Court of Appeal Registry
The High Courts of Justice in the nine Member States receive similar support from the Registries attached to them.
In accordance with the Court of Appeal Rules 1968 and the Eastern Caribbean Supreme Court Civil Procedure Rules 2000 [CPR 2000], the Registry receives and processes all documents and information relating to any appeals filed in the sub-registries in the nine Member States.
The Registry of the Court of Appeal is located at the Headquarters of the Eastern Caribbean Supreme Court in Castries, Saint Lucia. It is the hub of the appellate process, and is headed by the Chief Registrar, Mrs. Michelle John-Theobalds; assisted by the Deputy Chief Registrar, Ms. Desma F. Charles; Five (5) Judicial Research Assistants and Four (4) Case Managers.
All documents filed in the sub-registries of the Member States and Territories of the Eastern Caribbean Supreme Court in relation to appeals are transmitted to the Registry where they are processed, managed and recorded. The Registry also provides administrative, legal and research support to the Court of Appeal and responds to inquiries from the judiciary, lawyers and the public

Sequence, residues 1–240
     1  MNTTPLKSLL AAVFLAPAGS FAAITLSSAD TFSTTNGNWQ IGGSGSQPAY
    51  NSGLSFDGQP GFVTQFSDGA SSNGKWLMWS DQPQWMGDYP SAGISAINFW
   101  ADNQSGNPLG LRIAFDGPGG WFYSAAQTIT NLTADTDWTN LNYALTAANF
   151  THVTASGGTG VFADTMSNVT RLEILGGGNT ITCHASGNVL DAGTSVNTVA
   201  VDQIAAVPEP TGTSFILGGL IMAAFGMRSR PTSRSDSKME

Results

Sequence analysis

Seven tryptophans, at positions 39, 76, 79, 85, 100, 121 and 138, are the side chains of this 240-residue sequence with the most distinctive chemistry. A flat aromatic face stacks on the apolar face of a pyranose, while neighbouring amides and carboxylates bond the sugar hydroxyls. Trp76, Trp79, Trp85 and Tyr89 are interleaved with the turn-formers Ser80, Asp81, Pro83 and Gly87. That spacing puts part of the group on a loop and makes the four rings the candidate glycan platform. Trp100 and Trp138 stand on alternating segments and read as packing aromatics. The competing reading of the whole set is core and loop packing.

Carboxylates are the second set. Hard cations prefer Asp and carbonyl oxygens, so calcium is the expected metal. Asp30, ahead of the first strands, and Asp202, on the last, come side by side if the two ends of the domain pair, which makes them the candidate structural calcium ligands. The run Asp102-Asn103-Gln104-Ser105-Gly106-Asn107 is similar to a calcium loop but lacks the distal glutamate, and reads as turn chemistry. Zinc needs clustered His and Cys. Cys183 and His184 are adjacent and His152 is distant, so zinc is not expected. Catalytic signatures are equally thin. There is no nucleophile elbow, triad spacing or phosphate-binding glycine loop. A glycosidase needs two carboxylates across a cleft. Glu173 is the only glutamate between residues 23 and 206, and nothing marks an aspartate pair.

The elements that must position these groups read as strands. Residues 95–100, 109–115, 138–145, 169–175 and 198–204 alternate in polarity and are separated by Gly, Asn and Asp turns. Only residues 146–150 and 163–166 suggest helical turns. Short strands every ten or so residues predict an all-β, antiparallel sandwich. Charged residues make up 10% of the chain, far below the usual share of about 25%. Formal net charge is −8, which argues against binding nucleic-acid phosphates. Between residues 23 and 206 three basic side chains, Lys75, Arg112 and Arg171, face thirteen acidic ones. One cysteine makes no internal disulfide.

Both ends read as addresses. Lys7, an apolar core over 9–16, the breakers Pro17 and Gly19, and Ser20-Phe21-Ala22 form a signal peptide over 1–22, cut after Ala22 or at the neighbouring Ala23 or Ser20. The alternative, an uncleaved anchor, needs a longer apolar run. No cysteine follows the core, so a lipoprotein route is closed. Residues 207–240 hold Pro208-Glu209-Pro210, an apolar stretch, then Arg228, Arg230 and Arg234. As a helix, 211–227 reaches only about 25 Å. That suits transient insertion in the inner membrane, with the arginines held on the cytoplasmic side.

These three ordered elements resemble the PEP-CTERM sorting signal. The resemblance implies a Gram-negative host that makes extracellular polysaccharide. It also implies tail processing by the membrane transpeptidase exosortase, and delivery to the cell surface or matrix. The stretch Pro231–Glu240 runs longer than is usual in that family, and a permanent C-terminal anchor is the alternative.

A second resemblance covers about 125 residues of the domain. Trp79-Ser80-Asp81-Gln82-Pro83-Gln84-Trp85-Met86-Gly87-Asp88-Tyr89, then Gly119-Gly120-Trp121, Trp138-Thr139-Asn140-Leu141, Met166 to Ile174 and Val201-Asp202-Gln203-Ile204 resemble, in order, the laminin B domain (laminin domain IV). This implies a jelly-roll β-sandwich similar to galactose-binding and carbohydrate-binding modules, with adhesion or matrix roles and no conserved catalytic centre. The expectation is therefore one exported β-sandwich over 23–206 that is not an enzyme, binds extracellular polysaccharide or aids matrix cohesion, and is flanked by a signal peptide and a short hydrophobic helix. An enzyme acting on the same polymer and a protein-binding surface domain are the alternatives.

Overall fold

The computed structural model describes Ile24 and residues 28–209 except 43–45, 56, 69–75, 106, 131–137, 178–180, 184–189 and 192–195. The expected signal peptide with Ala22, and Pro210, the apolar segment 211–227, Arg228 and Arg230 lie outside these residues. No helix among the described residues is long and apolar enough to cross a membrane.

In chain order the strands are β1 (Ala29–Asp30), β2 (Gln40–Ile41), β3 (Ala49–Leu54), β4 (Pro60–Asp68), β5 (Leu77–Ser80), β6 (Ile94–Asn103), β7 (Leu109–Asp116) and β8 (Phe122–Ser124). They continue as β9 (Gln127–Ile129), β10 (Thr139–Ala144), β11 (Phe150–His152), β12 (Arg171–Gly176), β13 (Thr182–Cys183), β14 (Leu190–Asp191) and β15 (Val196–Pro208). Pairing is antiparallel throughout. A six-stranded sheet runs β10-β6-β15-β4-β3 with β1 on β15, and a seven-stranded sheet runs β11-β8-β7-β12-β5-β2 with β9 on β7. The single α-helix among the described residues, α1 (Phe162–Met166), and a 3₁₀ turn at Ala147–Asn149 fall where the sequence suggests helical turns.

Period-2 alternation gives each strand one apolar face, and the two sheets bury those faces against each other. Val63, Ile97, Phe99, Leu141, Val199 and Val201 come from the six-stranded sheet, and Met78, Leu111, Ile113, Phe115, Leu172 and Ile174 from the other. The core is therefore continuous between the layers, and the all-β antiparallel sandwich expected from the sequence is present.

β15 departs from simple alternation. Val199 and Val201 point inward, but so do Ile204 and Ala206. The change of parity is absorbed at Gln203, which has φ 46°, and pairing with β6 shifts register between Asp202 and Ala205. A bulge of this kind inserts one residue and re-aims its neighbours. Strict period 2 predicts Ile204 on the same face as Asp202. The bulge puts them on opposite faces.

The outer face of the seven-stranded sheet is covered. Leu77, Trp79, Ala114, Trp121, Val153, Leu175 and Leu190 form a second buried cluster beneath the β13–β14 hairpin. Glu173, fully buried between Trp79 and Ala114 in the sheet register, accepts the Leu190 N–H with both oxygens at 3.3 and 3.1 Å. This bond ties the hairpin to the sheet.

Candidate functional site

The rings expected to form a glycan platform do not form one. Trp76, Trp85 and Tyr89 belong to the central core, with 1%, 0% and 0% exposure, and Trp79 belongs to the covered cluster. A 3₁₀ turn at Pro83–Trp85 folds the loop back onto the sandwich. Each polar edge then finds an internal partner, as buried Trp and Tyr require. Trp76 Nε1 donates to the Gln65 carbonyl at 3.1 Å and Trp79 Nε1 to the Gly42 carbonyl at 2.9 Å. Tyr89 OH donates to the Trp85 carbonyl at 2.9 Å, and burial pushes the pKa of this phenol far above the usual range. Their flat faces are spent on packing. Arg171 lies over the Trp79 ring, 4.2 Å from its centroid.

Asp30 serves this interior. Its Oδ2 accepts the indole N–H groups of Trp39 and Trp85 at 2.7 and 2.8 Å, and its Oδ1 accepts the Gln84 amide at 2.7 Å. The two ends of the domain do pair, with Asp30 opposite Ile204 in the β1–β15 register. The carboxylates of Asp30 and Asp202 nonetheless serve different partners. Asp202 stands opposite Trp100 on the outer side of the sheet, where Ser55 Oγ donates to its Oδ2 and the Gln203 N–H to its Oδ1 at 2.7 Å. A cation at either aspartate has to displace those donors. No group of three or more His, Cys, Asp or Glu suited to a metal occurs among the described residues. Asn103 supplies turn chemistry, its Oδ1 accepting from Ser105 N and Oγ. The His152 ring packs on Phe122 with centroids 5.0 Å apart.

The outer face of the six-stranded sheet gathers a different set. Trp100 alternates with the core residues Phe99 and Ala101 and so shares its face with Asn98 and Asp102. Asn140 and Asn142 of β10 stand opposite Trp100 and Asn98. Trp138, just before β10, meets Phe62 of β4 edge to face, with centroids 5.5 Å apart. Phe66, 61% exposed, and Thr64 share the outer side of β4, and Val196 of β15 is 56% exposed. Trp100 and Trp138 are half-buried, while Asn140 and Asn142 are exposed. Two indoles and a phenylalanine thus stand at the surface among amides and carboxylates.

In greater detail, the functions performed by the Registry include the following:
- Schedules the hearing of applications and appeals
- Schedules the sittings of the Court
- Manages case flow
- Monitors and manages the progress of cases through the system
- Draws up and serves, via facsimile or mail orders, directions and certificates of result
- Notifies parties and lawyers of the dates of hearing of appeals and applications; dates of case management conferences and dates of delivery of judgments
- Distributes judgments to the relevant parties
- Serves as liaison between Parties and the Court
- Provides information on the status and disposition of matters
- Maintains a computerized case management system
- Prepares digests of sittings
- Provides research assistance to the Judges
The Registry cannot perform or provide the following functions:
- Provide legal advice
- Recommend a certain lawyer to act on your behalf
- Tell you whether your matter will succeed
- Change an order once it has been made by the Court
- Allow you to speak with a judge, except at a hearing, regarding your matter
- Tell you what the decision of the Court will be, or give you an opinion of what it might be.